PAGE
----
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We therefore decided to look for rare mutations that are shared by only a few people out of hundreds of people. The general idea is that if we see a mutation that is shared among two isolated populations, this mutation must have occurred at a time when those two populations were still together, so before their isolation. The longer two populations have been isolated, the fewer shared mutations between these two populations we should see. This effect is most pronounced for rare mutations, because rare mutations are relatively younger than common mutations, so are more informative about recent population separations.

To find these rare mutations, we analysed the genomes of hundreds of people living today in Europe and selected mutations that were found in not more than 0.5% of all chromosomes. Because we were interested in finding “Anglo-Saxon-specific” mutations, we especially looked for genetic variants found in modern-day Dutch people (who live closest to where the Anglo-Saxons supposedly came from). We then looked at how many of those rare “Dutch mutations” were shared by our ancient samples and by modern British people. Here is a figure showing the results:

This figure shows the relative number of rare mutations that each ancient sample (coloured dots) shares with modern Dutch individuals. The number has been normalized by sharing with modern Spanish individuals. Anglo-Saxon immigrants (red and orange) have more rare “Dutch mutations” than modern English people (black) and people who lived in England in the Iron Age (in green and blue), before the Anglo-Saxons came. Figure from our article (License: CC BY 4.0)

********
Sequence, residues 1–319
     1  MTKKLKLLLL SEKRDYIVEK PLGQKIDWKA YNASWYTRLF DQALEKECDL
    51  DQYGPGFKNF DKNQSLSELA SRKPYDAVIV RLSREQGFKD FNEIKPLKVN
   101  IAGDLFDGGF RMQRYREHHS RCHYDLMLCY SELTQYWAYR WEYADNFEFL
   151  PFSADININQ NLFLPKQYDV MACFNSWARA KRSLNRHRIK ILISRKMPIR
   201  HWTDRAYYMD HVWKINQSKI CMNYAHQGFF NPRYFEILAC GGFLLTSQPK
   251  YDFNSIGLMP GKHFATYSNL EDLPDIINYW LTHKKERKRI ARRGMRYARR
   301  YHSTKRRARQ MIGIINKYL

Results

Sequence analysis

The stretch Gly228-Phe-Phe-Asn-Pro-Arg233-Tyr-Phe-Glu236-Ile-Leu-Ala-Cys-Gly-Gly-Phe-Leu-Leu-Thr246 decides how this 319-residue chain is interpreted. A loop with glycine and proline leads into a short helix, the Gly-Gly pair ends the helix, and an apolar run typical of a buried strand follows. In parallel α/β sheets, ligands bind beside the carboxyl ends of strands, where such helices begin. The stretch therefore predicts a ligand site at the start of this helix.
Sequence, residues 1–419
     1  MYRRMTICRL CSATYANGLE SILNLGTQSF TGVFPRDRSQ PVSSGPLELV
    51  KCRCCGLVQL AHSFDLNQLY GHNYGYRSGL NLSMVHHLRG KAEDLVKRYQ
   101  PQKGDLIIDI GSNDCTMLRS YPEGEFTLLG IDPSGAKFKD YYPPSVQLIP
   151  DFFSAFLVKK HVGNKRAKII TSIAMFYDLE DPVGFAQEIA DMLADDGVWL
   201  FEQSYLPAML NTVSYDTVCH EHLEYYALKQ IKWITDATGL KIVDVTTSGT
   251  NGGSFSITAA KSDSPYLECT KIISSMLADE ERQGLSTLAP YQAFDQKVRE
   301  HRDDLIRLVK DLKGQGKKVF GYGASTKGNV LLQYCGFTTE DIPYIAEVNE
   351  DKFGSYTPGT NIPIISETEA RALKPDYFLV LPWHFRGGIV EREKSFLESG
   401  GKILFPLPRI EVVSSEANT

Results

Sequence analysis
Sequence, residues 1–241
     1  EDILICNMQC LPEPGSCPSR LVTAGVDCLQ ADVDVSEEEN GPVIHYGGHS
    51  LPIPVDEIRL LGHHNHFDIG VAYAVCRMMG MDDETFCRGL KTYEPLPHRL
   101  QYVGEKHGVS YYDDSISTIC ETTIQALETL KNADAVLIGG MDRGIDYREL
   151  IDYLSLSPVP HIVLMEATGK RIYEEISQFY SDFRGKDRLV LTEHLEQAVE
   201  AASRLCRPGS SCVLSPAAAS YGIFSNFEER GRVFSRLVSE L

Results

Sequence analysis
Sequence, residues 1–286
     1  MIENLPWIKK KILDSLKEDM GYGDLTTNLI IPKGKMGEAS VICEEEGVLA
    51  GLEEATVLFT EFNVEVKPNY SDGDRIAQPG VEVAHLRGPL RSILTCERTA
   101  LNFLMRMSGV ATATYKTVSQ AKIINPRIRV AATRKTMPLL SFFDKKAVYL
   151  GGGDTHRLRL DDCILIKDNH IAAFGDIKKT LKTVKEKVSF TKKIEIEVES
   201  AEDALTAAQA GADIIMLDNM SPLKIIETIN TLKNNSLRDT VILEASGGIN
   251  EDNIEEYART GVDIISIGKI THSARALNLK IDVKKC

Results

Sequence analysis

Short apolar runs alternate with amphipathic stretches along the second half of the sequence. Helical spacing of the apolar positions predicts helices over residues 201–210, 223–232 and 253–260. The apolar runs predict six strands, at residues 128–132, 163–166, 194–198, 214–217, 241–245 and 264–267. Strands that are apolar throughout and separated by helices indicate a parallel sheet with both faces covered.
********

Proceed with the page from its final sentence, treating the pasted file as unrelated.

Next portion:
Note that the absolute numbers shown below the plot are normalized and without absolute meaning. Only the relative positioning of the samples matters. First, we can see that most of the Anglo-Saxon samples (in red and orange) carry about 50% more rare Dutch mutations than the Iron Age samples do (in blue and green), which is quite a strong signal. Second, we find that modern English samples carry an intermediate number of rare Dutch mutations, compared to Iron Age and Anglo-Saxon samples. More precisely, the modern English samples place at 38% on average between the Iron Age and the Anglo-Saxon samples (100% would be all the way to the right at the Anglo-Saxons, 0% would be all the way left to the Iron Age samples). And because allele sharing is linear under admixture, we conclude that modern English can be modelled as a two-way mixture of 38% Anglo-Saxon ancestry, and 62% Iron Age ancestry.

When I say “most of the Anglo-Saxon samples”, I meant that we had two exceptions. Two samples, labeled O3 and O4 in the figure above stand out: Sample O3 places somewhere in between the Anglo-Saxon and Iron Age samples, while sample O4 falls completely within the range of the Iron Age samples. This suggested to us that O3 and O4 carry 50% and 100% indigenous ancestry, respectively.